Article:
Over 1,000 people have been hospitalized for chemical poisoning symptoms in the western Chilean coastal towns of Quintero and Puchuncaví since late August. 56% of those cases have occurred in people under 19 years old and 71% of the cases occurred in women. This mass pollution, which has garnered attention from the World Health Organization, is due to excessive emissions from the 17 industrial complexes in the Quintero area.
In August, residents of Quintero began to experience headaches, numbness of extremities, abdominal pain, welts, and vomiting. Of the hundreds of people who have had to seek medical attention, over 100 were examined twice, about two dozen were examined three times, and several sought attention seven times.
The largest suspected culprit of this “toxic cloud” of pollution is the state-owned National Company of Petroleum and Gas (ENAP), which Quintero residents claim has irresponsibly disposed of chemical waste for years. Other companies at fault include the National Copper Corporation of Chile (CODELCO), the largest copper producer in the world.
Residents of the region have held numerous protests against the Chilean government for ignorance of the issue, some of which have resulted in tear gas attacks from police and arrests of minors. Residents have formed a group, “Cabildo Abierto Quintero-Puchuncaví”/“Open Town Hall” where they organize and carry out protests.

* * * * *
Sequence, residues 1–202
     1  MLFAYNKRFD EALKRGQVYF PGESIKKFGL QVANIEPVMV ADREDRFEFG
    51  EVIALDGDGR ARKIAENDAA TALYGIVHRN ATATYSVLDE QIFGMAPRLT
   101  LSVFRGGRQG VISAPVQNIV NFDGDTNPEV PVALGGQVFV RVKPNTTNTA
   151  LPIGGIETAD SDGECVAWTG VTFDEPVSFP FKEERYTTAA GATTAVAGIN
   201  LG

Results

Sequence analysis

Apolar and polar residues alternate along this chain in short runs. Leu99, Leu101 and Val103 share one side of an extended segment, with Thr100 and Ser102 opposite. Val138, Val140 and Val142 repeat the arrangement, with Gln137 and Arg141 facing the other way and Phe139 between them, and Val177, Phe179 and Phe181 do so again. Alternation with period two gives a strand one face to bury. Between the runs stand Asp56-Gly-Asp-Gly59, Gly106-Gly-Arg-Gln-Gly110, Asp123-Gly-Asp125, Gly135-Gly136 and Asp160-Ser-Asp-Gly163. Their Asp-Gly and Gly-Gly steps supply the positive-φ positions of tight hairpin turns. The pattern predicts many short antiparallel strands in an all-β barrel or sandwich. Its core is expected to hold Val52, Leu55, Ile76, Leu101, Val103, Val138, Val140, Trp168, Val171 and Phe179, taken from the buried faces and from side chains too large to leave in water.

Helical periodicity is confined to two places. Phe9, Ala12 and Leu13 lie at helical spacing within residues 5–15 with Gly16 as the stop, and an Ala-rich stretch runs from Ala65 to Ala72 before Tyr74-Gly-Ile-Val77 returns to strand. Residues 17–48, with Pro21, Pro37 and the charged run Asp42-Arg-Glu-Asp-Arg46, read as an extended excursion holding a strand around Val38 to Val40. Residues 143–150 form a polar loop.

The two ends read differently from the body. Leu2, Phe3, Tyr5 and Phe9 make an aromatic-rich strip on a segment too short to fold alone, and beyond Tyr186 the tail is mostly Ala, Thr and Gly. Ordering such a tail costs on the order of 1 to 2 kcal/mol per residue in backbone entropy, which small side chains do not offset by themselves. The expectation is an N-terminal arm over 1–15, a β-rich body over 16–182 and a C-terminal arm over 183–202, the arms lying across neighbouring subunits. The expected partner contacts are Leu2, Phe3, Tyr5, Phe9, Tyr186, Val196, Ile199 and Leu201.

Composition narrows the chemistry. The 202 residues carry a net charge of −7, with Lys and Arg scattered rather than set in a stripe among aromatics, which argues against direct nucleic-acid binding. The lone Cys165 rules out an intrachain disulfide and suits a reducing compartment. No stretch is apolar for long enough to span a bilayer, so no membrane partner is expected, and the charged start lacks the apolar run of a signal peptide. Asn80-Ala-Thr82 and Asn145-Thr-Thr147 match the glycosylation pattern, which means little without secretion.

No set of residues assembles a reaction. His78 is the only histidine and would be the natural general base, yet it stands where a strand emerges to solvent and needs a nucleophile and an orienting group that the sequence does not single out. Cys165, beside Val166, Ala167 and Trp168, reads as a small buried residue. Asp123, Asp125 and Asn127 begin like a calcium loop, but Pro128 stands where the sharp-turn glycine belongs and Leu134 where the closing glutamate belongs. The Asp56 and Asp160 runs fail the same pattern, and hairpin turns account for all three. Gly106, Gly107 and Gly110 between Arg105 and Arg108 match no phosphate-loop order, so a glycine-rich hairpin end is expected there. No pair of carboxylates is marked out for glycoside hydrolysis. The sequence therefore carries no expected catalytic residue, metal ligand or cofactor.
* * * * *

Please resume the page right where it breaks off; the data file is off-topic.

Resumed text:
On Sept. 27, for a period of 48 hours, Chile’s Ministry of Health began implementing stricter limits on emissions from the 17 companies in Quintero, including a complete halt of hydrocarbon emissions. However, the long-term outcome of this measure has yet to be seen, although emissions have reportedly stopped since the temporary halt.
“Frankly, it’s a short-term and insignificant gesture,” said Sarai Prieto ‘21, who is currently studying abroad in Chile and participating in demonstrations in Quintero. “It does nothing to address the 54-year accumulation of heavy chemicals in the atmosphere or the current public health crisis exacerbated by the total lack of specialists in the area. Intoxicated persons are either misdiagnosed – many children have shown up to the hospital with fainting spells and muscle function loss and have been diagnosed with ‘puberty,’ for example – or go to Santiago or Valparaíso, which erases any record of the intoxication in Quintero.”
A Cabildo organizer, María Luz Gonzalez, noted the progressive environmental degradation in Quintero: “When I was a little girl, my friends and I would set up tents on the beach after school. Those are the fondest memories I have of my youth. Now, the water is poisoned. If I swam there, I’d get a third eye.”
Prieto and the organizers will continue protesting and demanding government action for the intoxication crisis.
“La lucha sigue— [student protesters] still join us at the camp, in protests, and at the community table nearly every day,” Prieto said.